The Magazine

July 31, 2013

Flint Eastwood: Go Ahead, Punk, Make Me Dance


Selves-confidence. I know that phrase sounds funny when you read it back, but Flint Eastwood can make sense of it. Because this Detroit quartet’s still just a little naïve yet, or they’ve truly got superhuman capacities for confidence; it’s not self-confidence so much and far from any kinda ego thing, no, it’s a confidence for all the self’s in the room.

When you’re at a Flint Eastwood show, you are the show.

“Jax steps past the monitors and looks at people,” bassist Clay Carnill says of this group’s lead singer/songwriter. She’s a ball of energy with orange hair and a smile seemingly ready to curve and glow at every sentence’s period. Jax Anderson exudes an uncanny power, that power’s tacitly become the motto of the Flint Family: self-empowerment.
“She looks at people,” Carnill emphasizes the engagement, “right in the eye and says: ‘Why aren’t you dancing right now?’”

Well, she doesn’t say it, so much as implies through her balladry, melodically heaved and howled, breathlessly, over aerobic rhythms, funky bass whips and storming space-rock-ish guitars. Splice in a few dazzling synth effects and the occasional violently-strung-out violin and you’ve got the weird unraveled-then-re-raveled rock clump of danceable flavors from hip-hop to neo-synth-pop that Flint’s fostered over their first year, (considerably busy with local gigs and a handful of brief tours).

“This is an interactive experience,” Carnill says.

And it should be, Anderson agrees. “Anyone who comes to our shows joins our community, and it’s about being happy being yourselves; living life to the fullest, while still being responsible. That’s liberating, knowing that I’m surrounded by people who want to play as much as I wanna play. The whole reason I play music is, not only is it this release that nothing else compares to, but, growing up, listening to bands like Paramore, who had female fronts and ridiculous followings who told their audiences to: ‘Be yourself, don’t worry and fuck it all…’”

“That’s something I wanna continue,” Anderson exclaims. “I want to help people. I’m not the best writer in the universe but if I can help one person, I’m down, man.”

The music’s inherently invigorating, there’s no doubt there; very up and at em’ type anthems. Anderson, though, seemingly taunts you, especially if you’re standing still. Carnill admits that some people might be put off, even scared, by this 5-ft-instigator, rattling her fists at you…until you see her smile.

Flint Eastwood started out as a project titled Power, born a few years back out of the keen production of Anderson’s brother, Seth. The sibling duo are quite an industrious pair of freelance collaborators, actually, building a breadth of sensibilities by working with a range of different artists in different genres on varying projects, from music videos, to singles, remixes or even entire albums. But Flint was their own thing.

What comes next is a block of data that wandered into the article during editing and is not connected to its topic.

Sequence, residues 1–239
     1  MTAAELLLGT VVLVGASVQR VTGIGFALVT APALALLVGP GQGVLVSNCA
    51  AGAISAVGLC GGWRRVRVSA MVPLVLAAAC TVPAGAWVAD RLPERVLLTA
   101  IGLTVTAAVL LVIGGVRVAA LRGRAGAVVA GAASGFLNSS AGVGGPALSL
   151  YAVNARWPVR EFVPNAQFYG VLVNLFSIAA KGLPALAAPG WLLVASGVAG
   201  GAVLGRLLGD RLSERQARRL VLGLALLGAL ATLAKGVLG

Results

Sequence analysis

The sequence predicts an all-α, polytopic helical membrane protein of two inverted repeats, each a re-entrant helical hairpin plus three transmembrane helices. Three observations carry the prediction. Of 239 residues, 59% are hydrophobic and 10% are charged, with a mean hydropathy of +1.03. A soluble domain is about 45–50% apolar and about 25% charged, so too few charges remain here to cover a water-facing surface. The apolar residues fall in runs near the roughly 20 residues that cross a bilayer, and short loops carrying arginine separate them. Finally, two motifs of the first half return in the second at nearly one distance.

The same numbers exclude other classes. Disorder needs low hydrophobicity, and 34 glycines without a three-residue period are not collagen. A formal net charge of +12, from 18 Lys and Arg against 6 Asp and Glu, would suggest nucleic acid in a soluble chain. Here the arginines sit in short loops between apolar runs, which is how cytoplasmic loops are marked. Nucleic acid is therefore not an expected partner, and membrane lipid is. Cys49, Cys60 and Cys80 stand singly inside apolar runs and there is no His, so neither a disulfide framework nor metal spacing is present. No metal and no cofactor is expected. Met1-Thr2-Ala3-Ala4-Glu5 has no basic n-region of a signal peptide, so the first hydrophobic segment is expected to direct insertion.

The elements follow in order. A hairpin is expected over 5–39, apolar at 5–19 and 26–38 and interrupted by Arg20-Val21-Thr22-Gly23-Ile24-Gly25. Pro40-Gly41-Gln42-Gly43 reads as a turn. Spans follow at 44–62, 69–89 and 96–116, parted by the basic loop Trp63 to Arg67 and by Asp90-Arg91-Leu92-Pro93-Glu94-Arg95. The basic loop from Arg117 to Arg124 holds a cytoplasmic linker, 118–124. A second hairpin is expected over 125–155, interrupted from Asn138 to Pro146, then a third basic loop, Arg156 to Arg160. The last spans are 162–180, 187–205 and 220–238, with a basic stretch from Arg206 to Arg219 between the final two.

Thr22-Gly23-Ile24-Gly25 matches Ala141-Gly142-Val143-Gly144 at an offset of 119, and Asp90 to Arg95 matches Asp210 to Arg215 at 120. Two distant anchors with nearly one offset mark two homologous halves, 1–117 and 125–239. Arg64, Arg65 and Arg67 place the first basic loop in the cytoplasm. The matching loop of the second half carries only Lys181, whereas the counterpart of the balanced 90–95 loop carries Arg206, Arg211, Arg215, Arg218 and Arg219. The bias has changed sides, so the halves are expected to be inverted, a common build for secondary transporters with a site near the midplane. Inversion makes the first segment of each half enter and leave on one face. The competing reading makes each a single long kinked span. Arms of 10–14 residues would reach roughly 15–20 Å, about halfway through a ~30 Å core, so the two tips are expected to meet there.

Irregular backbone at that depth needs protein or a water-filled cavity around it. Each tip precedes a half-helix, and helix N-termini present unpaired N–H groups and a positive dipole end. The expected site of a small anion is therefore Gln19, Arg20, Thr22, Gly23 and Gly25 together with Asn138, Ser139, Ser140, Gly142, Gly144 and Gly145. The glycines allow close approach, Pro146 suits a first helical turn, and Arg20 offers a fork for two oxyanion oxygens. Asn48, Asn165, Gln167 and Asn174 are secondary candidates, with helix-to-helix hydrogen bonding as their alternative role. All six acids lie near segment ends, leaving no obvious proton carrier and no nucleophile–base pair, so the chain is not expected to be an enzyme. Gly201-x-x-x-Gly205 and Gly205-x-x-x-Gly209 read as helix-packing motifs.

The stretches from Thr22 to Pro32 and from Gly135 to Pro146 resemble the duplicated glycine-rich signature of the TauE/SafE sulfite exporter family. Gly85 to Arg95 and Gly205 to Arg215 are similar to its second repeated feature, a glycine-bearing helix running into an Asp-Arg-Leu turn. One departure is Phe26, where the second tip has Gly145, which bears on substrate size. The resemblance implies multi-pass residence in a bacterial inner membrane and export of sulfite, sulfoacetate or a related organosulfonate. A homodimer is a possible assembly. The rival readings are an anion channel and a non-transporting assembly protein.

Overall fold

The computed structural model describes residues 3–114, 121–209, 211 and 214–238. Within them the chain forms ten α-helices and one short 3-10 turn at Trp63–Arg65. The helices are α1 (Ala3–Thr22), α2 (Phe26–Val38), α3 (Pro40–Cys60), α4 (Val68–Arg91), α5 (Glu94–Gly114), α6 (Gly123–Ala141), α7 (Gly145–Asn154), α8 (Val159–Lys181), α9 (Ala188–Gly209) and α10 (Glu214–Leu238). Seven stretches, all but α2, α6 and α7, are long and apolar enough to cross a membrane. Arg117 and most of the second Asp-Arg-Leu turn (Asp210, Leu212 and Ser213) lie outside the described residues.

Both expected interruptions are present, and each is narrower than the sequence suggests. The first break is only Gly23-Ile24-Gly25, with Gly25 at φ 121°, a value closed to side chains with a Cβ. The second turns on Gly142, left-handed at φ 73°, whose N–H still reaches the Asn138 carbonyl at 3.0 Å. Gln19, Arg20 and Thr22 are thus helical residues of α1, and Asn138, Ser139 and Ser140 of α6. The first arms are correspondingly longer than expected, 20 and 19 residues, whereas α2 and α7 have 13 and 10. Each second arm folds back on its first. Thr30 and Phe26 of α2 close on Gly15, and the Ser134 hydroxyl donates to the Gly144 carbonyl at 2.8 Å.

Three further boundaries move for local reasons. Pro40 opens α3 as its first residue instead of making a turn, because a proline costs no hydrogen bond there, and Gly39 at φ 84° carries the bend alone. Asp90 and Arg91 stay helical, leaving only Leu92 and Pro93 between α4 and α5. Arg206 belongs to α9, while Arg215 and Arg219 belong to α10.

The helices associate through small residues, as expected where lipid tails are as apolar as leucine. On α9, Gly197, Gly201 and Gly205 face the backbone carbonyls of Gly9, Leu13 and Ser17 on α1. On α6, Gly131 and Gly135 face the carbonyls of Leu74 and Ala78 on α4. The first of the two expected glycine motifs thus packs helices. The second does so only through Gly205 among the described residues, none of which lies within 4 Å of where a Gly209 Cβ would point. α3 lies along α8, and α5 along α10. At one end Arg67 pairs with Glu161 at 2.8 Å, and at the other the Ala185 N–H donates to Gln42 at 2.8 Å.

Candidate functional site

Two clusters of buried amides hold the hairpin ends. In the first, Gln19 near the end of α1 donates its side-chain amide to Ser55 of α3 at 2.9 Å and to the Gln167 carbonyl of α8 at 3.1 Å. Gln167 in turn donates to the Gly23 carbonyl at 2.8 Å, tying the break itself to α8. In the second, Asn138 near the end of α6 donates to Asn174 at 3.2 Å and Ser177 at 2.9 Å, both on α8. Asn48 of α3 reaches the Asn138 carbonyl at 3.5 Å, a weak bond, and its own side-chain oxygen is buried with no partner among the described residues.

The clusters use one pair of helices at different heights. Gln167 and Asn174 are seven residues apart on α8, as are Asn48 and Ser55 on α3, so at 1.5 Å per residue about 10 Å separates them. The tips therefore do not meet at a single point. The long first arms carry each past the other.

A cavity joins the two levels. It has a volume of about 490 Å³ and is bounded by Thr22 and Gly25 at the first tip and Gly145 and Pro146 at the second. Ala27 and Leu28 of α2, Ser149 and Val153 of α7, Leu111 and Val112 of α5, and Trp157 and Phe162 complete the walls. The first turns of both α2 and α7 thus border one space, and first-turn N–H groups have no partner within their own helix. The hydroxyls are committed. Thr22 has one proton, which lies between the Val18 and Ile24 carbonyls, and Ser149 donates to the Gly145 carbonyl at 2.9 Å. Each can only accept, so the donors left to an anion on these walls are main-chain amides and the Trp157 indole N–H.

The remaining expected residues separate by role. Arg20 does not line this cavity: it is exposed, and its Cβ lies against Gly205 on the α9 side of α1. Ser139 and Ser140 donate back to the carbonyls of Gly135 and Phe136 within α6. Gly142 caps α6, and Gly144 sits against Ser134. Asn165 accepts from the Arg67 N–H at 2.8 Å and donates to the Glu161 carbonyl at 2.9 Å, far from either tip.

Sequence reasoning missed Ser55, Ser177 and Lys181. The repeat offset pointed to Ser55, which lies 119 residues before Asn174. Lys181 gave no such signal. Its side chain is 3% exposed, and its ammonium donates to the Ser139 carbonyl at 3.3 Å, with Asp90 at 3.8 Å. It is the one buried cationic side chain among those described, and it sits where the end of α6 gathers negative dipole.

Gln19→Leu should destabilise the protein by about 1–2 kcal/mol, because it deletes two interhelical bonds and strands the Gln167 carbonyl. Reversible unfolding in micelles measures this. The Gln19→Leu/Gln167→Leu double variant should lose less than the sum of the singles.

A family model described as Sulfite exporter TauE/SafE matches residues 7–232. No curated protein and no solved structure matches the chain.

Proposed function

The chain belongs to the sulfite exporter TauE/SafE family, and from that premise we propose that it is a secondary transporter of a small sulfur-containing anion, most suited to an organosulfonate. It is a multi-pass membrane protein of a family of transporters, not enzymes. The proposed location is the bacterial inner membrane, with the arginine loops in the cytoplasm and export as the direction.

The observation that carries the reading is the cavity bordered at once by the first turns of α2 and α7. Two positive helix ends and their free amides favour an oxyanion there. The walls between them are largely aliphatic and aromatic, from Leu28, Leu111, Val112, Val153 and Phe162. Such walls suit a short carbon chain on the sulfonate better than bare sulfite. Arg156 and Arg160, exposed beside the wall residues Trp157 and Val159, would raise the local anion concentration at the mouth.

Power soon became Flint Eastwood – initially as a synth/sample-heavy duo that would play out a bit, but mostly recorded, streamed online, or produced music videos. Seth, however, was moving on in life, having already worked in music for more than a decade. But his little sister was, she felt, just really getting started. Thus, by the end of autumn 2012, she had her full line up, Carnill, Bryan Pope on guitar and Mark Hartman on drums, backing her up. The first Flint Family.

“We grew up in Detroit and then in Harper Woods,” says Anderson. “I went to Grosse Pointe schools. This poor kid in a rich kids’ school and I didn’t really fit in because I was into art and that school was really all about sports. So I was this outcast kid, by myself basically, which was awful at the time but it gave me the chance to get involved in the communities of music scenes and to then want to start giving that feeling of community to as people and break down the barriers between artist and crowd.”

Says Anderson: “Music is where I found my confidence when I was young. It showed me it was okay to be who you are. I definitely feel the reason I want to push people to that is because that’s what music’s done for me.”

And suddenly, that shouting, singing sparkplug of a frontwoman leading on an undulating audience answering her calls to dance at a rock show, can then be humbly relatable, whittled back to this reclusive arty kid slumped at the end of the lockers in the hallway’s corner, listening to her headphones. Alone.

People want to know, Anderson says, that they’re not alone. And as they’ve played more shows, it’s become clear to each member that: “Oh my god,” Anderson says, grinning at me with eyes behind bodacious novelty sunglasses, “that we could actually make a difference for people.”

Even if it’s just you, realizing: That it’s okay to dance.
Flint Eastwood’s debut EP Late Nights In Bolo Ties is out now.
8/31/13 – 7pm – Flint Eastwood
Audiotree Music Festival
with Dr. Dog, Valient Thorr, Brother Ali, Into It. Over It., the Soil & the Sun, Joe Hertler & The Rainbow Seekers, Blues Traveler
Wings Stadium
3600 Vanrick Dr
Kalamazoo, MI

About the Author

Jeff Milo
Jeff Milo
Jeff is another awesome member of the iSPY team.

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